I don’t care if it rains or freezes,

long as I got my plastic Jesus,

riding on the dashboard of my car…

I can go a hundred miles an hour,

long as I got the Almighty power,

glued up there by my pair of fuzzy dice….

(to hear it for yourself there is an audio clip on YouTube)

But enough reminiscing….

After Del Rio it was a very long drive further west to Alpine.



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The map above picks up Route 90 at Dryden.  About halfway between Marathon and Alpine I almost drove off the road laughing when I saw this just off the highway to my left.  I turned around and stopped to check it out…




There is a set of railroad tracks right behind this structure and evidently some enterprising artist decided to transform an abandoned railroad equipment shed into the “Marathon Target”.  The signage is made of wood but the scale and letter font is right on the mark (on target, if you will…).  I think it’s hysterical.

Once in Alpine I checked in to my little “casita with the red door”:


There were other casitas (small houses) on the property, each with a brightly colored door of a different color.  I would be here for 3 nights and chose Alpine for it’s strategic location to several of the things I wanted to see while in this part of the state. Here’s another map which shows where most of these destinations are in relation to Alpine.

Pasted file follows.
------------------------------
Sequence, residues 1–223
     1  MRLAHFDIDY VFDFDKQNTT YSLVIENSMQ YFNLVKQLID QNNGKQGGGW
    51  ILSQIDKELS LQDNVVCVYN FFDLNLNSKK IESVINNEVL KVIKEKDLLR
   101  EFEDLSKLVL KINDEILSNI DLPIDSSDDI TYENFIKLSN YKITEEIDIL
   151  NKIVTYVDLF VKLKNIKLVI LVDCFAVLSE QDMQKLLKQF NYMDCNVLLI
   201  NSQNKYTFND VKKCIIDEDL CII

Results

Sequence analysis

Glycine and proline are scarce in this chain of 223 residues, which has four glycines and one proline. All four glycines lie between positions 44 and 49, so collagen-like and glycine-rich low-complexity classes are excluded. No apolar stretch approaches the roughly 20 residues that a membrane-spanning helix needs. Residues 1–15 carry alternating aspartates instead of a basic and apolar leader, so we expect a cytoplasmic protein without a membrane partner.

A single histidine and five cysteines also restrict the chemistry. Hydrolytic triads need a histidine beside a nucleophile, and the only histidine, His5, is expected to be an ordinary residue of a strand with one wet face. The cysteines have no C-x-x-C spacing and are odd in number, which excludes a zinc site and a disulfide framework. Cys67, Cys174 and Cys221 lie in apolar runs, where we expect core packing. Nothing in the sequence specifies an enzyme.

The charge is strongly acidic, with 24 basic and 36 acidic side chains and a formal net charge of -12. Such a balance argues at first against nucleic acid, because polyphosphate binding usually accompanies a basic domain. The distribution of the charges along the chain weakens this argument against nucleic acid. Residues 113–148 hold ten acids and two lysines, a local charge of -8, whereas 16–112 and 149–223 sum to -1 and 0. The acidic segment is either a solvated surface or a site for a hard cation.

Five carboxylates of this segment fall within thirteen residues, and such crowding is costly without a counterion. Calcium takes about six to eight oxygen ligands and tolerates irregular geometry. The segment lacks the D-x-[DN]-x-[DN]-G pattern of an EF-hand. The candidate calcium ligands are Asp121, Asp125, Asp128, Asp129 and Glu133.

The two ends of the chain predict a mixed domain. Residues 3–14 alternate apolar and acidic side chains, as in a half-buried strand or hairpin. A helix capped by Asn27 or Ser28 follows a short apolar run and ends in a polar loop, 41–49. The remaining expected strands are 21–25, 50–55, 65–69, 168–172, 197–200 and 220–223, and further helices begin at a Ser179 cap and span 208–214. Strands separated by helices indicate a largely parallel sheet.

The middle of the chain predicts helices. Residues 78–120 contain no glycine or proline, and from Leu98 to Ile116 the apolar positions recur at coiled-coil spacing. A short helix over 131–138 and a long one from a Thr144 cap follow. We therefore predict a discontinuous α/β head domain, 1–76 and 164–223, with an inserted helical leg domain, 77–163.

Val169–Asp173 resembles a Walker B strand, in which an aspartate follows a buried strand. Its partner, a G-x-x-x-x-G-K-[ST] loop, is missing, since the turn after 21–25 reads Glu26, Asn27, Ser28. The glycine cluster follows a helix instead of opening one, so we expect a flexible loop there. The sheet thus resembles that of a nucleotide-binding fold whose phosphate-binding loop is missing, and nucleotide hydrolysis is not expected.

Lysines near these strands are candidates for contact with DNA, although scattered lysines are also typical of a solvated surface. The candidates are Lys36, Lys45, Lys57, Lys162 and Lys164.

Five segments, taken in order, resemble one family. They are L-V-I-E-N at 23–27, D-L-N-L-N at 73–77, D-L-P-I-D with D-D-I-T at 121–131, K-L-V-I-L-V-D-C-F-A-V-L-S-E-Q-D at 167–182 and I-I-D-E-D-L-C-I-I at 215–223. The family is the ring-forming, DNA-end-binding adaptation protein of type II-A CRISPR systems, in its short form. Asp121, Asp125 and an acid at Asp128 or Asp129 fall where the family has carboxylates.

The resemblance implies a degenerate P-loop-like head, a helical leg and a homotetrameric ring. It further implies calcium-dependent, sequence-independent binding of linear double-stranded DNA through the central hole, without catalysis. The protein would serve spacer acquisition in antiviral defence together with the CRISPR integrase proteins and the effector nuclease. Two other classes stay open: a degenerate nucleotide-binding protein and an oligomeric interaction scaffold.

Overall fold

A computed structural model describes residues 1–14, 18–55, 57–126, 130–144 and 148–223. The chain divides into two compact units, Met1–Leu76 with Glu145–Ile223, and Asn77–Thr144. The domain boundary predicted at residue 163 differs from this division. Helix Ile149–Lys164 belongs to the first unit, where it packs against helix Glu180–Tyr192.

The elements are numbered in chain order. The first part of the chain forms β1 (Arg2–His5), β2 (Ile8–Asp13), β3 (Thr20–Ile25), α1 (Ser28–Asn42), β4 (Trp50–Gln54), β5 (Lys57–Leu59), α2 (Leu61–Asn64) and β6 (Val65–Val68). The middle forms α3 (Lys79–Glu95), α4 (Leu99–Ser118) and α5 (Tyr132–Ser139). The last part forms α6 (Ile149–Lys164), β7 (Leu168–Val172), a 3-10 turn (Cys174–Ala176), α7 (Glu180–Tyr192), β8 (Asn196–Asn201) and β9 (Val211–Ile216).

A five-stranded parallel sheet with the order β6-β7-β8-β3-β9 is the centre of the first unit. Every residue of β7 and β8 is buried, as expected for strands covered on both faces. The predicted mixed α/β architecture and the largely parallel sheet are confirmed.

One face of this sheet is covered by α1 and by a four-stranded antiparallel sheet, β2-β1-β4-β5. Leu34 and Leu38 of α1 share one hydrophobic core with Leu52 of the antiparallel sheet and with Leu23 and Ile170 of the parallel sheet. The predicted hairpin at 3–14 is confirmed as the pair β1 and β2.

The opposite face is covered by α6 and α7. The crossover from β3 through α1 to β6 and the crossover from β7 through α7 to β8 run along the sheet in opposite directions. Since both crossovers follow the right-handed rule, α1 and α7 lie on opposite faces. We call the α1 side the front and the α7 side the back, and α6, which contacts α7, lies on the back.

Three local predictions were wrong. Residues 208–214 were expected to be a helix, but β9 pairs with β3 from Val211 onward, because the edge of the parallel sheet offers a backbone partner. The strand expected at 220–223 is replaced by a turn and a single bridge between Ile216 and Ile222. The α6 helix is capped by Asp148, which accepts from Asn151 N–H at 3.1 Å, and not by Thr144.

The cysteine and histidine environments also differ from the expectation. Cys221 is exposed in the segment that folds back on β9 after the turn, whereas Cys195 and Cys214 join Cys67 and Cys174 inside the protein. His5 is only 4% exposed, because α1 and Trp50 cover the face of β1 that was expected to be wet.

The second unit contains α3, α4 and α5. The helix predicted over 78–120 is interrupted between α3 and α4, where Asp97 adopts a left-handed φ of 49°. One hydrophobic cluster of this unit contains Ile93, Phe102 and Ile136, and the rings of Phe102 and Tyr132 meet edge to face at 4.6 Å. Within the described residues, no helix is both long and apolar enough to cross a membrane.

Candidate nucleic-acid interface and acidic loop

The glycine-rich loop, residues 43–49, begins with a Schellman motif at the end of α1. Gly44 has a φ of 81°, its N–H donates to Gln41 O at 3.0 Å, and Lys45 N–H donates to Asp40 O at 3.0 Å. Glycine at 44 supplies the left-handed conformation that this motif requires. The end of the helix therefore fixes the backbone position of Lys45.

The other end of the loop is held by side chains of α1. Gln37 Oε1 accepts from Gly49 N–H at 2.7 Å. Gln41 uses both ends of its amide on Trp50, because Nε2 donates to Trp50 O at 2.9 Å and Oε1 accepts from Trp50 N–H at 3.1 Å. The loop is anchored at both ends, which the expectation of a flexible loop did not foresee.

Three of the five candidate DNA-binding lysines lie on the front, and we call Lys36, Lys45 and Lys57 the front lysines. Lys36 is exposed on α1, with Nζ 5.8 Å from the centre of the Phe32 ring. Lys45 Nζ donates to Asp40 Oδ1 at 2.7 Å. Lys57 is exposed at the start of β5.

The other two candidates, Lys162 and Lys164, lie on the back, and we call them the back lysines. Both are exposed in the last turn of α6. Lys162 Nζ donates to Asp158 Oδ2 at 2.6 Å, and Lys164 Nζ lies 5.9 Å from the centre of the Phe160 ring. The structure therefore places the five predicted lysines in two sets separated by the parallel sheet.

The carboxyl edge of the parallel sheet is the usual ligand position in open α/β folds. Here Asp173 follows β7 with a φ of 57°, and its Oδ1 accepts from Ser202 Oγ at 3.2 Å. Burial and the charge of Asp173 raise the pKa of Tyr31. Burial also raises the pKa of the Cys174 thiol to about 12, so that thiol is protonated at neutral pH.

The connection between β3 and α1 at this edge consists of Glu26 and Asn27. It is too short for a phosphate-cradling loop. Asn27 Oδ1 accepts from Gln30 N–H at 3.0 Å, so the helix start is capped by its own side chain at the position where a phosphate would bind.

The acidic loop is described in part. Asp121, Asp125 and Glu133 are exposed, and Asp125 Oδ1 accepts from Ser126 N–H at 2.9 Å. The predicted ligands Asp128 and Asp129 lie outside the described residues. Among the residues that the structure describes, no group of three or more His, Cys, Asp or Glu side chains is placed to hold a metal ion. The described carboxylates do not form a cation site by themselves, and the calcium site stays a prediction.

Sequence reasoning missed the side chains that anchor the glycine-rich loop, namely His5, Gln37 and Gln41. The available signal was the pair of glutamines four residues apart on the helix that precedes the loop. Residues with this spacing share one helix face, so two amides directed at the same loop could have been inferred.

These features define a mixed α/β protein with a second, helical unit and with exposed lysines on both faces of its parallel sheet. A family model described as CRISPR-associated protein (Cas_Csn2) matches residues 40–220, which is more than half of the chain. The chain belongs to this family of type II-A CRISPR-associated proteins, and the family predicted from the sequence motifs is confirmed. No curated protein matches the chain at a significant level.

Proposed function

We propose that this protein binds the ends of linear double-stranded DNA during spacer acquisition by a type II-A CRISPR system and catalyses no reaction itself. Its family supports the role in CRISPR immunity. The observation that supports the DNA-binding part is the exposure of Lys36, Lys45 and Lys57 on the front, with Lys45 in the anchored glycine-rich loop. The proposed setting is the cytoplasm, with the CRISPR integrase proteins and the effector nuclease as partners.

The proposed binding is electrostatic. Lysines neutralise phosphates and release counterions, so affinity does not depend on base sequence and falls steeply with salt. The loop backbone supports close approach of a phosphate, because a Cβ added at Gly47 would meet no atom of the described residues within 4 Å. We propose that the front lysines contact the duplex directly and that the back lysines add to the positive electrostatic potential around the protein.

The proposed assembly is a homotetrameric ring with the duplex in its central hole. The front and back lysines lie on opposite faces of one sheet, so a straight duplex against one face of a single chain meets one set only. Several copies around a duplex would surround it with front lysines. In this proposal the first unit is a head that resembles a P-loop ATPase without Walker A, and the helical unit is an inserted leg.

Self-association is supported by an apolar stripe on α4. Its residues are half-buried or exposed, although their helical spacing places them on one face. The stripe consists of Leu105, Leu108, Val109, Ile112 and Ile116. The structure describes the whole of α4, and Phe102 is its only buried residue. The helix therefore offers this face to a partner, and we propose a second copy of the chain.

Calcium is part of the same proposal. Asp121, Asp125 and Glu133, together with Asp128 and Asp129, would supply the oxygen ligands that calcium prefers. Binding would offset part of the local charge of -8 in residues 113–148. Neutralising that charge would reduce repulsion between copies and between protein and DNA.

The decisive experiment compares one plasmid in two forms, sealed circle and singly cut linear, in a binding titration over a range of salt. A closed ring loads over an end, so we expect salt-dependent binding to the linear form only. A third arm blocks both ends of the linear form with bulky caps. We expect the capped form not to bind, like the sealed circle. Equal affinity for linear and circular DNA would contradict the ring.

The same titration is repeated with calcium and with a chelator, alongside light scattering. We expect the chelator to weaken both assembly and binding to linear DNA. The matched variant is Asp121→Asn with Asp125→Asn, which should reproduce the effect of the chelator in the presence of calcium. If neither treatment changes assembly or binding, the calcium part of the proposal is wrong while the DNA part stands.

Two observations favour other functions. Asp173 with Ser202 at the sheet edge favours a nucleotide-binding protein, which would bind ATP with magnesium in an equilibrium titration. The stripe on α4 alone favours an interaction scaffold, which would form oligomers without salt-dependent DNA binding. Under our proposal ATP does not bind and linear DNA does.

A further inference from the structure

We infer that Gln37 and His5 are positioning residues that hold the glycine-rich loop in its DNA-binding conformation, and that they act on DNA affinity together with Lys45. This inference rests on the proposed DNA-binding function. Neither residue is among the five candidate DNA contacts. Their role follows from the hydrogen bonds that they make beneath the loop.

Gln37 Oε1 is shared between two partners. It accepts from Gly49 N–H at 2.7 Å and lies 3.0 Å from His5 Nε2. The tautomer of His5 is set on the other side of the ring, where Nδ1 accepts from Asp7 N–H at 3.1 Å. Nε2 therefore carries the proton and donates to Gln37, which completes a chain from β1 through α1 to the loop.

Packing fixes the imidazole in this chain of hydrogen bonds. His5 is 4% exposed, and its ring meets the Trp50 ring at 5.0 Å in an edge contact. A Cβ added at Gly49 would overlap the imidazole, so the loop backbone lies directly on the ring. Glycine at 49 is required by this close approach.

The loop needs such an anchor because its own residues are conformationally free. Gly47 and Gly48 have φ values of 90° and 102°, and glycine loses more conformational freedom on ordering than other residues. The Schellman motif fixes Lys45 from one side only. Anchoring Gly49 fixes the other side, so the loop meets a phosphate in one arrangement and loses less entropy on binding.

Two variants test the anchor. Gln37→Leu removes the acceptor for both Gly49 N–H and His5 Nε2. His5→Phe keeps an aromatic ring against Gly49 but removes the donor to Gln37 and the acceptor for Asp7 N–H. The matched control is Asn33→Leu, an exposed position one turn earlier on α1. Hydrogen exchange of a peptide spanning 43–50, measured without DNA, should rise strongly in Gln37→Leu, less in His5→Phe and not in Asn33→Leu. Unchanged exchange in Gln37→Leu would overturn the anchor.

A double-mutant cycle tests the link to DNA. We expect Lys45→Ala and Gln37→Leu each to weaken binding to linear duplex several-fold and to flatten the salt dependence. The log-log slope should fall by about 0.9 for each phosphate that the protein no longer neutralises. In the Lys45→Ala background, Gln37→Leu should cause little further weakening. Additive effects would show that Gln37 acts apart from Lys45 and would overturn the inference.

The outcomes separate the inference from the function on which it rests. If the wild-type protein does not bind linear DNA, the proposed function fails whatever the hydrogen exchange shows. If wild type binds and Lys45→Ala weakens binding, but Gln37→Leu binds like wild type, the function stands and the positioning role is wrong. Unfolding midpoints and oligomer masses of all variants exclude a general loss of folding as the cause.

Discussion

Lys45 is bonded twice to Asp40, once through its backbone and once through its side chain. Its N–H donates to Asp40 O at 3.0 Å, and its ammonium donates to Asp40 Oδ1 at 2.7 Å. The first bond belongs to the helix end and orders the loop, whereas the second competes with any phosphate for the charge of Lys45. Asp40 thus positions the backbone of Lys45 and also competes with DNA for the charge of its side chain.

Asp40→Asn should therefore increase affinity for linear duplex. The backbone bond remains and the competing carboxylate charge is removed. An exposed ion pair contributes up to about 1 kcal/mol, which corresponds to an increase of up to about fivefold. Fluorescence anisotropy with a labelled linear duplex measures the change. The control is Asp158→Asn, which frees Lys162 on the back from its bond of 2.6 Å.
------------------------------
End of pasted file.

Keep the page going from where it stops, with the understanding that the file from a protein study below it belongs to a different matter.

FortDavis area

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I arrived in Alpine on a Tuesday.  One of my destinations was McDonald Observatory, in the upper left corner of the map above.  They hold “star parties” for the public on Tuesday, Friday and Saturday nights.  I would be traveling further west Friday morning so Tuesday was my only opportunity to attend.  I broke my rule of not driving in unfamiliar areas at night and headed an hour and 15 minutes north to the Observatory.  Most of the day I was traveling in flat, desert conditions but this journey north would take me up into the mountains.




You can see two of the telescope “shells” in the photo above.


I will be making an entire post about the Observatory, and will be returning to this area in the coming days so you’ll be seeing and reading more about the area.

Another of the things I wanted to do in this area was one of my primary scenic roads, the white loop west of Fort Davis on the map above.  I drove it clockwise Tuesday afternoon, while killing time for nightfall and the “star party”.

It was a long but very rewarding day.  All told, 624 miles added to the odometer.